That evening seemed pretty normal. When the kids went to bed, she showered and came into the living room to watch television with me. We snuggled on the coach, then she put her hand in my pants, and as one thing led to another, we went to the bedroom to do what married couples do. But she seemed off, as if she wasn’t there mentally or emotionally, very quiet and reserved. I mentioned it to her, but she didn’t provide a response other than tell me she’d like to borrow my primary vehicle, the gas-powered SUV to take to school instead of her smaller low-range electric car the next morning. She said she needed it to help a friend move something large from one classroom to another across campus. I thought nothing of it and said sure. Little did I know she was lying. She needed to switch vehicles because the electric car wouldn’t make it to her mother’s on a full charge.
As she was taking the kids out of school around 11:00 AM, I used my lunch hour to go grocery shopping and stock up on a lot of comfort food for the upcoming winter storm. Little did I know none of that food would be eaten. I was so distraught upon her leaving that I lost my appetite for months. Heck, I still have knots in my stomach and can’t eat a full meal.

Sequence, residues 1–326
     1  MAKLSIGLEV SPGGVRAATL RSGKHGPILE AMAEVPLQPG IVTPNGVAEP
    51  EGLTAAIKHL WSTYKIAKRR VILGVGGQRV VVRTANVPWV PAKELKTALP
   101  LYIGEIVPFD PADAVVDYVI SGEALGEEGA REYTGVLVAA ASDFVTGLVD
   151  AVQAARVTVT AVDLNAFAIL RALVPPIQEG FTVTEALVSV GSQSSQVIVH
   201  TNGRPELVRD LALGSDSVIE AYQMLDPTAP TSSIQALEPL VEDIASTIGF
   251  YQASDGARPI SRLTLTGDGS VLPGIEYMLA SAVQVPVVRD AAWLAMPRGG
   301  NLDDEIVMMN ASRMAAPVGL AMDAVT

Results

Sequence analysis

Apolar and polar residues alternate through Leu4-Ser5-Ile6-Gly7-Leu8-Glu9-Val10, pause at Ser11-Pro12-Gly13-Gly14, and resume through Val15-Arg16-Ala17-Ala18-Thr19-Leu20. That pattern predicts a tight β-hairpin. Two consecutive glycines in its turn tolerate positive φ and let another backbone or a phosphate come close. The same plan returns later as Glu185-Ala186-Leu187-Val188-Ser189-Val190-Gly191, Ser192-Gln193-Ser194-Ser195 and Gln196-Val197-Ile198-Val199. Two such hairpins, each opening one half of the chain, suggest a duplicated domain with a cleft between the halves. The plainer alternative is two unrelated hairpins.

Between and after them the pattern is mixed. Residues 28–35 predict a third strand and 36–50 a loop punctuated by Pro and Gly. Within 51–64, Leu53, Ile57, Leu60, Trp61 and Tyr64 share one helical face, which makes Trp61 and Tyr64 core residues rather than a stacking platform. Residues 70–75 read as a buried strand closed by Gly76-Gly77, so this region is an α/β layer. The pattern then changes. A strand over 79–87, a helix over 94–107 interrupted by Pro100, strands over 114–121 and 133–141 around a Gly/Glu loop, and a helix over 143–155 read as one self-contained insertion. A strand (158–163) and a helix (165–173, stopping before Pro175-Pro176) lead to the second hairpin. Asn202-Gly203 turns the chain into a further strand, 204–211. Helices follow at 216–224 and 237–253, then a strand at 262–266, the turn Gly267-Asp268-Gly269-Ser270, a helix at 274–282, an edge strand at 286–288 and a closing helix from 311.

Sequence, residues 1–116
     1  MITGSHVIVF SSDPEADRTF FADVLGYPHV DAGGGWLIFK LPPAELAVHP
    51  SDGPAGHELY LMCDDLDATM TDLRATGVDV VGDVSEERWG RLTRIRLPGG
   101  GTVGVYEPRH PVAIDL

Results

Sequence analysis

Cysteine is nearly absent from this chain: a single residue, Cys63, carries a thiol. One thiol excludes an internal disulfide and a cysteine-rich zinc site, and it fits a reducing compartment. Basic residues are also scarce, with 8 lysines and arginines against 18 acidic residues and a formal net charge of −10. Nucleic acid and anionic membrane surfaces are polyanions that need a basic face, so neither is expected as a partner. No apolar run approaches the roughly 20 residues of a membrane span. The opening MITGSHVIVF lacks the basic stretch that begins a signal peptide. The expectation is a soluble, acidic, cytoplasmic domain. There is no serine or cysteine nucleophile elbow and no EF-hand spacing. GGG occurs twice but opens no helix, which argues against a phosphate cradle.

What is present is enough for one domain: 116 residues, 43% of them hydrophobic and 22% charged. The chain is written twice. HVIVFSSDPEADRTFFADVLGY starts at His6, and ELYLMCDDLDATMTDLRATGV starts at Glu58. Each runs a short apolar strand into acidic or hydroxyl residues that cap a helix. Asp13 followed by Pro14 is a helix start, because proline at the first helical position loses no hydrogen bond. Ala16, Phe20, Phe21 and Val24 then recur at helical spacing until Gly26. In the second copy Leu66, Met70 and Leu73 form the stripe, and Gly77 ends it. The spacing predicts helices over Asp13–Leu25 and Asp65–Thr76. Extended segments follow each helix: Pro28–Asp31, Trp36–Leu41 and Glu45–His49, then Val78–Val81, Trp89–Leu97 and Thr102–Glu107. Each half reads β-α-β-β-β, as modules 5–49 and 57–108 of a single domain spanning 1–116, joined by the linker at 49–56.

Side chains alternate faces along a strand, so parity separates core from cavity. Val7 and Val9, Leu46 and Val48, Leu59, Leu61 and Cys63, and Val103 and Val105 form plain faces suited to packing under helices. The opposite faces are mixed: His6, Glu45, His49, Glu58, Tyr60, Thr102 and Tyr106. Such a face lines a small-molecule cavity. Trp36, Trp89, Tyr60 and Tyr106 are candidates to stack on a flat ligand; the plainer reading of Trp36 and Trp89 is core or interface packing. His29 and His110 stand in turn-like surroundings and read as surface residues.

The first two nights in the house were torture. The house was devoid of children, eerily quiet and literally and figuratively cold, almost haunting. Everything around me was a reminder they weren’t there. I was looking forward to playing with my kids in the snow and now I was alone. I was isolated. It felt like solitary confinement once the storm hit and the power went out over and over again, roughing it by myself. Thankfully, at one point, my best friend Jimi called, someone I haven’t talked to in months, and stayed several nights with me during the big freeze. But after the first two nights of being isolated and not knowing when I would see my children next, I had a panic attack. I tried to call Jimi, but he was busy. I called my pastor, but he was busy. So were several others I tried to call. I just wanted to speak to someone, and then I remembered the crisis or suicide hotline and their commercials about how someone would always be there to listen and take your call. So, I called and had an hour long conversation. Funny thing, at the end of the call, they asked if I would take part in an NYU research study by answering an hour’s worth of questions, and they would compensate me $50. As lonely as I was, I readily agreed. Little did I know, my ex and her mother would successfully use that call against me in court, pushing the idea I was mentally unstable to keep the kids away from me.